Upholding the convictions of twelve anti-Israel activists, France’s Supreme Court – the Court of Cassation – has confirmed that promoting a boycott of Israel is tantamount to “inciting hate or discrimination”.
Back in 2009 and 2010, a dozen ‘Boycott,Divestment, Sanctions’ (BDS) campaigners attempted to boycott Israeli products in France’s Carrefour supermarkets. The 12 anti-Israel boycotters, wearing shirts emblazoned with “Long Live Palestine, Boycott Israel” handed out pamphlets in the eastern city of Mulhouse alleging that the sale of Israeli goods supports “war crimes” in Gaza.
Chanting slogans including “Israel assassinates, Carrefour is complicit” the dozen activists – Laila Assakali, Yahya Assakali, Assya Ben Lakbir, Habiba Assakali, Sylviane Mure, Farida Sarr, Aline Parmentier, Mohammad Akbar, Jean-Michel Baldassi, Maxime Roll, Jacques Ballouey and Henry Eichholtzer – were found guilty of inciting hate or discrimination, reports The Times of Israel. Collectively the were fined just over €13,000 plus court expenses.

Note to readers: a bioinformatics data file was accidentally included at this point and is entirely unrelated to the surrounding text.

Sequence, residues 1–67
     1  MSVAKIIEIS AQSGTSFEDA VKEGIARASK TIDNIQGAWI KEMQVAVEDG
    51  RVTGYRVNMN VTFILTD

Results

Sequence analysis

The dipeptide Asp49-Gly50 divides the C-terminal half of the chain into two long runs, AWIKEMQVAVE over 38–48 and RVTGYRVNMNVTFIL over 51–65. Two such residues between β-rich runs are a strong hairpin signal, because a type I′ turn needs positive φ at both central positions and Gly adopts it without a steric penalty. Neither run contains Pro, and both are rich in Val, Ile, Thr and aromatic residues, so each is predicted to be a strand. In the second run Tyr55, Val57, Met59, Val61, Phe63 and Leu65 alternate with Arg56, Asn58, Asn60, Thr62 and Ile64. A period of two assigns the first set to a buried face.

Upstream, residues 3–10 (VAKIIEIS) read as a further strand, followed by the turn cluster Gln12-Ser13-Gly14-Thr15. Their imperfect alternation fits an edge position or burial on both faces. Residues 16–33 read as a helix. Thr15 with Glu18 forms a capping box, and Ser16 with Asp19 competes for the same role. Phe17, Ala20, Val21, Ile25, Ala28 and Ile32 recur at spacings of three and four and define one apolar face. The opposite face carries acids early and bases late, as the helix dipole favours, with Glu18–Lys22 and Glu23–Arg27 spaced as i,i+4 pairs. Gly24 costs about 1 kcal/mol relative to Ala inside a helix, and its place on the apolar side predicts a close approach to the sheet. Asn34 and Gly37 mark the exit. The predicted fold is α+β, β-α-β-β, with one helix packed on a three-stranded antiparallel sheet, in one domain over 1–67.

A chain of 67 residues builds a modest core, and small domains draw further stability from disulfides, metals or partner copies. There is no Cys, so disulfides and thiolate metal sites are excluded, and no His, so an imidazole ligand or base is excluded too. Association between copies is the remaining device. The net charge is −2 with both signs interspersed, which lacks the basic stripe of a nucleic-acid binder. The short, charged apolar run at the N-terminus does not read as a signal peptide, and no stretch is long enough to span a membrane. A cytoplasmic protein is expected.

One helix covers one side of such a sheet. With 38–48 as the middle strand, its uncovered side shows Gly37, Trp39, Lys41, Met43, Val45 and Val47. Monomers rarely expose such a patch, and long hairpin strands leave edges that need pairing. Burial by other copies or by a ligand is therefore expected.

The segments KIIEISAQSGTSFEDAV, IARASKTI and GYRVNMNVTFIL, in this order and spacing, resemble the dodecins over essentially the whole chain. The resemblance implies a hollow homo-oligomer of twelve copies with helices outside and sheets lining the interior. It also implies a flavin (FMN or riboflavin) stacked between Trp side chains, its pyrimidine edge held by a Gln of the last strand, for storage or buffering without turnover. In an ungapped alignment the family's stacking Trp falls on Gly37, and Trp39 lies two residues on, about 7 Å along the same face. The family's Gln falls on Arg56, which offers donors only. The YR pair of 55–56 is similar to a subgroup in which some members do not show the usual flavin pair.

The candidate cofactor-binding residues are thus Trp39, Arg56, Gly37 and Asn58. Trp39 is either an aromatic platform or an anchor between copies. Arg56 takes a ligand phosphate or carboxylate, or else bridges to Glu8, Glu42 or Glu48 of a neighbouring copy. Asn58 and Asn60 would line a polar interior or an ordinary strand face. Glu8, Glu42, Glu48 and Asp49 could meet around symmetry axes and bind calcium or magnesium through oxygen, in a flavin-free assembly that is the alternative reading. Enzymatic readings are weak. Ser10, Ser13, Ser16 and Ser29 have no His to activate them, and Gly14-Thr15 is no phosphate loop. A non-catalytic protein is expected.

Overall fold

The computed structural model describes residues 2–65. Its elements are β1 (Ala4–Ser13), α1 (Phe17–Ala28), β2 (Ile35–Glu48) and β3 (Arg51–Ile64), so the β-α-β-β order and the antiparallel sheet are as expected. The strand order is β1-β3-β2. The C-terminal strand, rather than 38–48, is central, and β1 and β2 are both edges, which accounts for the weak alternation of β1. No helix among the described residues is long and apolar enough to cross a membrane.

France’s highest appeal court recently confirmed the convictions of the 12 saying the actions demonstrated an attempt to discriminate against a particular country, reports European Jewish Press.
The Court of Cassation based its findings on the French Freedom of the Press law which forbids “discrimination, hatred or violence toward a person or group of people on grounds of their origin, their belonging or their not belonging to an ethnic group, a nation, a race or a certain religion.”
Pascal Markowicz, who heads the legal department at the Conseil Représentatif des Institutions juives de France (the umbrella group for French Jewish organisations), reiterated that the ruling means BDS campaigns singling out Israel are “completely illegal” in France, adding:
“If they say their freedom of expression has been violated, then now France’s highest legal instance ruled otherwise.”
As Breitbart London previously reported, Marine Le Pen, leader of France’s anti-mass migration National Front party, is currently being tried under the same law for her comments comparing Muslim street prayers to the wartime occupation of France.